Hacking heritage

Understanding the limits of online access

Authored by: Tim Sherratt

The Routledge International Handbook of New Digital Practices in Galleries, Libraries, Archives, Museums and Heritage Sites

Print publication date:  November  2019
Online publication date:  October  2019

Print ISBN: 9781138581296
eBook ISBN: 9780429506765
Adobe ISBN:

10.4324/9780429506765-11

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Abstract

In 1995, an Australian government plan for digital innovation highlighted some exciting possibilities that lay ahead for the cultural sector (Department of Industry, Science and Tourism, 1995). Access to collections would be ‘simplified’ through the creation of an ‘Electronic Smithsonian’—a portal to bring together the holdings of national cultural institutions:

For the user this home page access will be like walking electronically down an avenue of all our major museums or galleries. People will be able to find out about the collections, their significance and context, and use interactive links to other institutions, as well as to access digitalised images.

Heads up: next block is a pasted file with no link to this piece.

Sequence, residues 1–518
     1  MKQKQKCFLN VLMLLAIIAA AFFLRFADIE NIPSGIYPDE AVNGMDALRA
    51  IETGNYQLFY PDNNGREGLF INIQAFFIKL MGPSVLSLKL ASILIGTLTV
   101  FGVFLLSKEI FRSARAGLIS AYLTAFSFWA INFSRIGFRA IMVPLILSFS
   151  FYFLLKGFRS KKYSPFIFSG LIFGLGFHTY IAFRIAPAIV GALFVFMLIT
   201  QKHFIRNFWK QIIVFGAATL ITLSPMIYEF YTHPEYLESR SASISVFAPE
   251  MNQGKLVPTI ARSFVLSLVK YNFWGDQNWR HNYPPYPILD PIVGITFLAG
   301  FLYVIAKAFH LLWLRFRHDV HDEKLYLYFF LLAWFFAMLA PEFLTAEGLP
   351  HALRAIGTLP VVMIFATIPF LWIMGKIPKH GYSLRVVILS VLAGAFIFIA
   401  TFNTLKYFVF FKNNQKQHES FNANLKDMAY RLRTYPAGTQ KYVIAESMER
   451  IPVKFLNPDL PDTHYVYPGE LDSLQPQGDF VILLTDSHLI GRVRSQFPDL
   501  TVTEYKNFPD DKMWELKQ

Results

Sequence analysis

Two decades later, the United Kingdom (UK) government’s Culture White Paper (Department for Culture, Media and Sport, 2016) envisaged a similar pathway for users, while seeking to make the UK ‘one of the world’s leading countries for digitised public collections content’: ‘We want users to enjoy a seamless experience online, and have the chance to access particular collections in depth as well as search across all collections.’

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